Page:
Easy Adaptation of Authentic Peanut Sauce
Each version of peanut sauce has been modified and adapted to local taste. While the authentic Indonesian peanut sauce known as “Bumbu Kacang” uses whole peanuts fried in oil along with red chilis, ginger and garlic. Which is then crushed with lot more labor and hard work using mortar and pestle instead of using a shortcut and easier tool, food processer. For the authentic flavors, Bumbu Kacang is then seasoned with cumin, coriander, lemongrass and sweetened with pasty palm sugar and kecap manis, a sweetened version of soy sauce. In authentic version, tamarind and hint of lime juice are used to balance out the spicy and sweet flavors of the Indonesian peanut sauce, while this recipe uses rice vinegar instead.
Singaporean and Malaysian version of peanut sauce call for shallots and galangal along with garlic, ginger, and lemongrass. This version skips on soy sauce and also lime juice and uses only tamarind pulp to bring out the sourness of the sauce.
Indonesian version of peanut satay sauce is not very high on heat level, but you may find Thai version a little higher on heat scale. In Thai peanut sauce pre-made red Thai curry paste is usually used along with shrimp paste for deeper umami flavor to freshly roasted and crushed peanuts. Even though peanut satay sauce is not original to Thai cuisine, it is still an integral part of Thai street food culture.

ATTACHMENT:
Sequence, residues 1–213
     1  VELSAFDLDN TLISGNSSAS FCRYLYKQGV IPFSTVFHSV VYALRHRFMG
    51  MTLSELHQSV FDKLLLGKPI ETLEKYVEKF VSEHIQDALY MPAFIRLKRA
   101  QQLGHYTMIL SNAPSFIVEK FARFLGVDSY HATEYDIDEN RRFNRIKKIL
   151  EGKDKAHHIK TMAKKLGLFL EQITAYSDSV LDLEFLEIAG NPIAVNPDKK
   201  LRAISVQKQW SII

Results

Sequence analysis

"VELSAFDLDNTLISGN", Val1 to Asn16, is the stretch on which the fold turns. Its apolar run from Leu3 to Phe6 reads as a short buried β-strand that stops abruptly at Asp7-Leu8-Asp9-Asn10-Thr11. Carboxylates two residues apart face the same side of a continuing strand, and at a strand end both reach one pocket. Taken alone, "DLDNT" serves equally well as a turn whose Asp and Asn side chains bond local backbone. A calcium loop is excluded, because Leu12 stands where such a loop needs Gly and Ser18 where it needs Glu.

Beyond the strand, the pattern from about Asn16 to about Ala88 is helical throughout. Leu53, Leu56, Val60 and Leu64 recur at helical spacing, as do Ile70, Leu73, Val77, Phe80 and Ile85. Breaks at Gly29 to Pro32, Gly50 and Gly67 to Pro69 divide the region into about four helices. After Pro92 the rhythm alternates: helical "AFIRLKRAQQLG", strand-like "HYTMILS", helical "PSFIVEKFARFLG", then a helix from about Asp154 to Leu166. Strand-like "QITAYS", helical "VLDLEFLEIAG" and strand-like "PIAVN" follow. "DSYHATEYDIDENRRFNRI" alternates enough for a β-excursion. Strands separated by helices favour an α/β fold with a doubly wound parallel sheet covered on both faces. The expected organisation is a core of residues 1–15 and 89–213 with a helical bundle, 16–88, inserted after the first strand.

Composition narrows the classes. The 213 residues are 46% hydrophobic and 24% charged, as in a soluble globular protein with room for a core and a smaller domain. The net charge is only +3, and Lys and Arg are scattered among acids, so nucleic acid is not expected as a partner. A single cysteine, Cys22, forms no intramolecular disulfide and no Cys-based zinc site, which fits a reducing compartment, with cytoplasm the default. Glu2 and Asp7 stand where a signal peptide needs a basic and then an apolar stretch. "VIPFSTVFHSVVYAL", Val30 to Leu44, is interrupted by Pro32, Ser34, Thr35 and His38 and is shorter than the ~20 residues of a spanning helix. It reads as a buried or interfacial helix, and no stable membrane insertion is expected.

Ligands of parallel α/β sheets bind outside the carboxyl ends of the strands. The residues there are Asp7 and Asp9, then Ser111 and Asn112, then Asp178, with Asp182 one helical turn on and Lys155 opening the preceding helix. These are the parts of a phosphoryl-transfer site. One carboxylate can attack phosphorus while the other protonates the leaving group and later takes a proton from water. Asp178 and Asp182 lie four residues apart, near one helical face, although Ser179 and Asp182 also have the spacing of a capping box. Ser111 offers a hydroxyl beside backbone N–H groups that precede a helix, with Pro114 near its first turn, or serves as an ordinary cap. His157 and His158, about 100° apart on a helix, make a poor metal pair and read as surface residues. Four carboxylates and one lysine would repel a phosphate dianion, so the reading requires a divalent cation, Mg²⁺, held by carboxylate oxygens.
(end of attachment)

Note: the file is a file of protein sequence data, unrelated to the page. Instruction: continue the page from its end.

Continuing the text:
The adaptation of this Southeast Asian peanut sauce to America is totally based on the ingredients one can find easily in American grocery stores. The American version of peanut sauce often features store bought peanut butter as a shortcut instead of whole peanuts and uses chili garlic paste, granulated sugar and vinegar instead of fresh red chilis, unprocessed palm sugar and tamarind pulp.